She says that Realme should ensure it is clear in explaining who it is and what it intends to deliver to its audience, helping convey its strategy of targeting the mid to low end of the smartphone market.
Pinto thinks, meanwhile, that the underperformance of traditional brands such as Motorola and Sony paves the way for other vendors to launch more competitive products and offers to succeed in the UK market.
She points out that channels are actively searching for more partners, since they do not want to be so tied down to the dominant big brands and that gives room for Chinese vendors to capitalise.
“Traditional brands may have brand awareness, but there is space for new vendors otherwise Oppo and Xiaomi wouldn’t be in the market.
“Realme will continue to expand as it increases investment in brand awareness.”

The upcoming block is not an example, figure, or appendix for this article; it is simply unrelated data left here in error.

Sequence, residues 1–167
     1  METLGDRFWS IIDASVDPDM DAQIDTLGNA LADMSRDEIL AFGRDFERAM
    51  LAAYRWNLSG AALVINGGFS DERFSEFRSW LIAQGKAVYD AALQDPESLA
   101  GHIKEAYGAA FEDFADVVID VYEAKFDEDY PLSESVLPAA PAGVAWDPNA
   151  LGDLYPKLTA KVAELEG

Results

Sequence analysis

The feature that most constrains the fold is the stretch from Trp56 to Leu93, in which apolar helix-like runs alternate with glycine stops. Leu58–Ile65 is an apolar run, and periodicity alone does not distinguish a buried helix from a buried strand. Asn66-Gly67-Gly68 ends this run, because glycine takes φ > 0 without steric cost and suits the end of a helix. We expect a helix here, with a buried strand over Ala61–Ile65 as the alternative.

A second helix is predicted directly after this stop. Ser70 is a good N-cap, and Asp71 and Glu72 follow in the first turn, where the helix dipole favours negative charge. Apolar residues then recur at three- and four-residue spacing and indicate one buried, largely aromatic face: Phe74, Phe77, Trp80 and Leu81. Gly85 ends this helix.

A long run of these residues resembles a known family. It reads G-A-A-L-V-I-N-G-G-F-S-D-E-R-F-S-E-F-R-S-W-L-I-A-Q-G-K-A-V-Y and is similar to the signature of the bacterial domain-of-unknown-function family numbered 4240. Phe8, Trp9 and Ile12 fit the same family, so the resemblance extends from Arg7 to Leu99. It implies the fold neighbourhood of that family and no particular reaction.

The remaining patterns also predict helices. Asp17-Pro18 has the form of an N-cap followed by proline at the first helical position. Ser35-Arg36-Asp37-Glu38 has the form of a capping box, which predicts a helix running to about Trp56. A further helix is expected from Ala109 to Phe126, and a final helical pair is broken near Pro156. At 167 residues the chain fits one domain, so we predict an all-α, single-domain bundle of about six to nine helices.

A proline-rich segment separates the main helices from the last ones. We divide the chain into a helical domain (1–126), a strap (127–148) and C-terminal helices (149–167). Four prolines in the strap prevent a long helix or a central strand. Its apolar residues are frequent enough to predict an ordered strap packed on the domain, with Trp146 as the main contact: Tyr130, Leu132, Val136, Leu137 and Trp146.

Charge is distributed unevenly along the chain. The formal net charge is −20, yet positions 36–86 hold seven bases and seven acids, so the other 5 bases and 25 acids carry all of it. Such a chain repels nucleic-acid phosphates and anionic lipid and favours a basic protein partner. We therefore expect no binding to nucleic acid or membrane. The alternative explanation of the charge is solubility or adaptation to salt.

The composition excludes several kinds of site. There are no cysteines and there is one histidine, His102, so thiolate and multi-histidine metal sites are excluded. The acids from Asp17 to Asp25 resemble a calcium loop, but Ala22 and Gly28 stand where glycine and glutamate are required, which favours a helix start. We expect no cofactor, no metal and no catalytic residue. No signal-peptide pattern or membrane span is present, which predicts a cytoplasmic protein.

Most recently, the vendor announced the release of its latest flagship – the Realme X2 Pro – at the device’s Madrid launch in October.
At the launch, attended by Mobile News, Realme country manager for Spain Emilio Alvarez said the company has already garnered 17 million customers worldwide and is aiming to “create an identity for young consumers around the world”.
Levi Lee, director of Realme in Europe, meanwhile outlined the company’s plans to quickly become a household name in the region, saying: “We care a lot about the European market and are very ambitious in our plans to expand.
“We will gradually expand to more and more countries, and I can tell you that it will be very fast.
“We are also ambitious and hungry for the UK market, as you can tell with the launch of the X2 Pro, which we will launch initially in only two markets in the world.”
The device debuted in the UK in November, following the Spain launch the previous month.
Realme’s latest flagship device, which features a 64MP quad camera with a 20x hybrid zoom, has become one of the most competitive mid-range flagships on the market today since its launch.